I was looking for Willpen Road.  Willpen is a township somewhere down the mountain near the Last Gas Station You'll Ever See in This Wilderness, but for whatever reason I could not see the turn for the road.  There are plenty of reasons for this, like it isn't actually there or I was too crazed with adrenaline to have attention to details like other roads, but whatever the case, the first road I came upon (a telling thin gray line on the map) seemed to connect.  When you are about out of gas and there is no one to hear your screams when the zombies emerge from the woods to eat your brains, you will make this turn:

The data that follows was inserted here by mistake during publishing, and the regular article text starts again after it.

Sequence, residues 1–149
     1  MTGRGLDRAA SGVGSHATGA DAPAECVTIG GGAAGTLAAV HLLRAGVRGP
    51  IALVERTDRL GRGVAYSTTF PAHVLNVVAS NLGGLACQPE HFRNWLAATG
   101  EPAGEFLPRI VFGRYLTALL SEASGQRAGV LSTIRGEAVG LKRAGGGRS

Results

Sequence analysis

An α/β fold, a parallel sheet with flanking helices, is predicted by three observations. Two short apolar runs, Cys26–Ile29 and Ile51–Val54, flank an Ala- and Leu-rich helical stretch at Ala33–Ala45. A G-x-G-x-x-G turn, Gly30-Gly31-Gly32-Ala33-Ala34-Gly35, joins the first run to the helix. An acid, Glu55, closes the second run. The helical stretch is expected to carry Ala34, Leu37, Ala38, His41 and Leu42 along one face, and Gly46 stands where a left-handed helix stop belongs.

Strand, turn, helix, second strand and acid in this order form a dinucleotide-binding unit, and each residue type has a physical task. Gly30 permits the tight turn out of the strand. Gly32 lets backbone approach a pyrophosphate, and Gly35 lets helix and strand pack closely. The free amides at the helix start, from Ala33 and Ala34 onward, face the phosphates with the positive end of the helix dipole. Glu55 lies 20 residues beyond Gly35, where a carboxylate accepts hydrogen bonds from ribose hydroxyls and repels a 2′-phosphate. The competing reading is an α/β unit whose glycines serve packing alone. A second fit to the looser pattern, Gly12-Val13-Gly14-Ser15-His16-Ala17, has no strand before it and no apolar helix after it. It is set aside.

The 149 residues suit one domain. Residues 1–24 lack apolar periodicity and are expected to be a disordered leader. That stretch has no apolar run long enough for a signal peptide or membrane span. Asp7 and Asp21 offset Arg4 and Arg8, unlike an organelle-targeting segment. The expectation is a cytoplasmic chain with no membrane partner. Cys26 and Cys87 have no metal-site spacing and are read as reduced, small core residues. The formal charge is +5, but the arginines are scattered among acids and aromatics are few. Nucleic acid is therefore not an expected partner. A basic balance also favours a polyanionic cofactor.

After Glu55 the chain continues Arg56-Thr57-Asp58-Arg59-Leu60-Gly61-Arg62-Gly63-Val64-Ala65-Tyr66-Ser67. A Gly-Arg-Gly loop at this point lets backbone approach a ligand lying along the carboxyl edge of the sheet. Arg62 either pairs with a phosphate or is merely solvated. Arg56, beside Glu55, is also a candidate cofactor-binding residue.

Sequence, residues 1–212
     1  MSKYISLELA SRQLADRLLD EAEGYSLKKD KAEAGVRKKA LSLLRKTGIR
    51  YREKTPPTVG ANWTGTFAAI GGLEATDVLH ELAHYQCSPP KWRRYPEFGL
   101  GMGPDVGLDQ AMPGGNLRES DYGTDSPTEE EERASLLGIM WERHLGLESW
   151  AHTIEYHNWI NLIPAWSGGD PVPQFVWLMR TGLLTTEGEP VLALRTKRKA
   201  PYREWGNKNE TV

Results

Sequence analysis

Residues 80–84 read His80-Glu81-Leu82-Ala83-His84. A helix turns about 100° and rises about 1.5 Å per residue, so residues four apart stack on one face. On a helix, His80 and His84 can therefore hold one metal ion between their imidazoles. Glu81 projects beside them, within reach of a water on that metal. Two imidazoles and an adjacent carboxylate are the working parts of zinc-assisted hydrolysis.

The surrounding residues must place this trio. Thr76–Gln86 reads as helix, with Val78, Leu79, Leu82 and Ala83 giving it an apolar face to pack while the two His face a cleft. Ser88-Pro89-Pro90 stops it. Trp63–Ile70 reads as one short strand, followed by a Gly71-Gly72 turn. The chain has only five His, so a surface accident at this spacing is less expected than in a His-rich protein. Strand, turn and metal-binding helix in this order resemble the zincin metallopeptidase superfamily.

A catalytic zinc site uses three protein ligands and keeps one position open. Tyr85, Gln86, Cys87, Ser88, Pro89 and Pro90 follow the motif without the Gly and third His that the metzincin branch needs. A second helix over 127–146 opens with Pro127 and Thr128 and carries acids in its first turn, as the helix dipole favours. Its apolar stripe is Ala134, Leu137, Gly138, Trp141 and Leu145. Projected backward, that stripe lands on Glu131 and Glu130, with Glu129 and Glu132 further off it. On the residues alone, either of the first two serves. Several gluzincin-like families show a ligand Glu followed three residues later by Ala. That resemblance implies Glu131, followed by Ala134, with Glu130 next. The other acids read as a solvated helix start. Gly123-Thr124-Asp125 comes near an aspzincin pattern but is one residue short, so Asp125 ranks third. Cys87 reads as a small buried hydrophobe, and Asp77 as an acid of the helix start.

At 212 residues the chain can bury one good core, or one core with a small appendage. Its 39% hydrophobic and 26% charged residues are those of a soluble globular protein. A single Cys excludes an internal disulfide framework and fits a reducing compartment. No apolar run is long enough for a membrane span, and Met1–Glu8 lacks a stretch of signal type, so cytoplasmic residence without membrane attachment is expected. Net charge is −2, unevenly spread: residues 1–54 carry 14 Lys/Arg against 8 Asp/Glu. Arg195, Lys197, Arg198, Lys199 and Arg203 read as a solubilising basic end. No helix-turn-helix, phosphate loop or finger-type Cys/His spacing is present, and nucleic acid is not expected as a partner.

Compared to my last adventure, Hamil School Road was a cake walk.  Thankfully, the road deposits you within sight of The Only Filling Station.  Much whooping and hollering and joyous sounds were made upon seeing this little Jerusalem in the Boonies.  We celebrated with $40 worth of junk food from Sheetz.  Filling up, I noticed that Cash for Clunkers did not seem to make much of an impact in Westmoreland County as our car was the newest model by 25 years or so.   

After filling up the tank and then topping off like crazy, just to be safe, I was more commited than ever to finding this store.  The store owner had called me back during my wild journey, but I had not received it.

His voice message begins: "Hi, there.  It seems we have gotten disconnected.  If so, you are now driving around the wilderness and I wish you luck on getting back down here to [civilization].  When you get to town, go three-quarters around the square to W. Main Street.  We're on the left.  Call me back when you get this."